Military planes that patrol the capital skies are permitted to force such planes to land or, as a last resort, shoot them down if pilots don't respond.
In an announcement last fall about improved protection of Washington's airspace, the FAA said pilots who infringed the no-fly zone faced "suspension or revocation of their licenses or a fine."
But FAA's enforcement database, obtained by AP under the Freedom of Information Act, shows nearly all the violators since 1992 have gotten just a warning letter.
Of the 111 pilots on the 94 flights, just one was fined, for $1,000, and nine had their licenses suspended for between seven to 120 days.
At least 90 cases were settled by administrative action, mostly warning or correction letters, the records show. Four violating pilots had their penalties reversed later.
One pilot died when he crashed his small plane into the White House in the mid-1990s; no one else was harmed. In 1999, a pilot drifted so close to the White House that agents fired a warning flare. That pilot ended up with a warning letter, FAA records say.
White House national security officials opposed reopening Reagan National after the Sept. 11 hijack attacks, fearing its close proximity to the White House, Pentagon and the U.S. Capitol complex posed a serious security risk.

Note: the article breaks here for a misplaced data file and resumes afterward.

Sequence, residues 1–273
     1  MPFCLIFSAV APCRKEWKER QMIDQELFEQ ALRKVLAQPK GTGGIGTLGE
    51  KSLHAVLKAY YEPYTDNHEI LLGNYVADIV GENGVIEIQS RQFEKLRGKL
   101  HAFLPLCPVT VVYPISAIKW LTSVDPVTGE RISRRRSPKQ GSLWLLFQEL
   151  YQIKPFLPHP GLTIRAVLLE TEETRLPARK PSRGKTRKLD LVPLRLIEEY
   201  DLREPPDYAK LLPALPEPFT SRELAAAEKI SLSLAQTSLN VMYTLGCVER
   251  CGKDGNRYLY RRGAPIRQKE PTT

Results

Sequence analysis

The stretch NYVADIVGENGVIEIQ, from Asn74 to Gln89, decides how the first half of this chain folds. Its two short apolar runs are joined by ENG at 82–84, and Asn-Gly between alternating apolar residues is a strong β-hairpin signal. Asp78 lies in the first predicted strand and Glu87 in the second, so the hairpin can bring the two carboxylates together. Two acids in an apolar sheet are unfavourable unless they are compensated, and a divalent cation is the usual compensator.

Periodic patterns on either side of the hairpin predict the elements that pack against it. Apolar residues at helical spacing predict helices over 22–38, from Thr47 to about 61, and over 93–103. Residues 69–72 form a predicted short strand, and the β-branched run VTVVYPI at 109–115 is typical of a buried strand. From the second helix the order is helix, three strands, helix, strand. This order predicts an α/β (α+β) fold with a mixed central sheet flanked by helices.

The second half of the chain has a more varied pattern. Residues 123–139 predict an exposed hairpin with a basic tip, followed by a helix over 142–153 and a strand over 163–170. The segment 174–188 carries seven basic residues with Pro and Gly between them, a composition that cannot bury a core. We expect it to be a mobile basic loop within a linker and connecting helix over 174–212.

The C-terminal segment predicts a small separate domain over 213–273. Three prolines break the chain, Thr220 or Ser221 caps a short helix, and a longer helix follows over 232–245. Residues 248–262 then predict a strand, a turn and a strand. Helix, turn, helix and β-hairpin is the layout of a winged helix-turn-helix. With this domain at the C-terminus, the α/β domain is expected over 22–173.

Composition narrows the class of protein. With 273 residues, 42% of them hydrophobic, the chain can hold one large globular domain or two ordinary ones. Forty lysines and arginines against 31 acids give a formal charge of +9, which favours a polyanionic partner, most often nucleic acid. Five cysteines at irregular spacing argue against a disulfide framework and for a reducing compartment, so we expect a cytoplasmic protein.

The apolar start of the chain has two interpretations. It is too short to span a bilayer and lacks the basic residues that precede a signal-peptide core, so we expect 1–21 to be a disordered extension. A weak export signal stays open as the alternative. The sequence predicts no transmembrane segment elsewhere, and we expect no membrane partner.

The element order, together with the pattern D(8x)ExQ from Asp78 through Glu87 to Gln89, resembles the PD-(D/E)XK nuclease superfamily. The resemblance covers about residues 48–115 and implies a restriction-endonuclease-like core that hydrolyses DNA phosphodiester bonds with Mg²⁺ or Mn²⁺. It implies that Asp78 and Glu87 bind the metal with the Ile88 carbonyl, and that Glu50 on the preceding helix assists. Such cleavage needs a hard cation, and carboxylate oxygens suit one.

One of the planes hijacked by terrorists took off from Dulles and was flown into the Pentagon.
But the Bush administration relented to political and public pressure and allowed the airport to reopen almost a month after the attacks. Service has been allowed to resume gradually and Reagan National now operates at 75 percent capacity. That is equivalent to roughly 600 takeoffs and landings each day.
"Air security is certainly something we deal with on a daily basis, both with being in constant communication with tower at Reagan and with the FAA," Secret Service spokesman James Mackin said.
One pilot caught in the airspace blamed air traffic controllers, saying they are so busy they sometimes order flight maneuvers that send pilots into the prohibited zone.
"The D.C. controllers are absolutely horrible. Washington National is absolutely the worst place to fly into, period," said Happy Wells, a 30-year veteran pilot from Oklahoma who was cited in July 1997 for flying his charter plane through Washington's prohibited zone.
Wells said his proposed penalty was rescinded after he filed a report with the FAA.
The air traffic controllers union defended the work of their Washington employees. "Pilots have consistently reinforced the opinion that National has some of the best controllers in the air traffic control system," spokesman Doug Church said.
Operators of Reagan National said the violations aren't necessarily a sign of lax security. Pilots can be knocked off course by something as simple as heavy wind.
FAA says it has settled most cases with warning letters because it believes pilots were operating in good faith at an airport considered one of the toughest to navigate.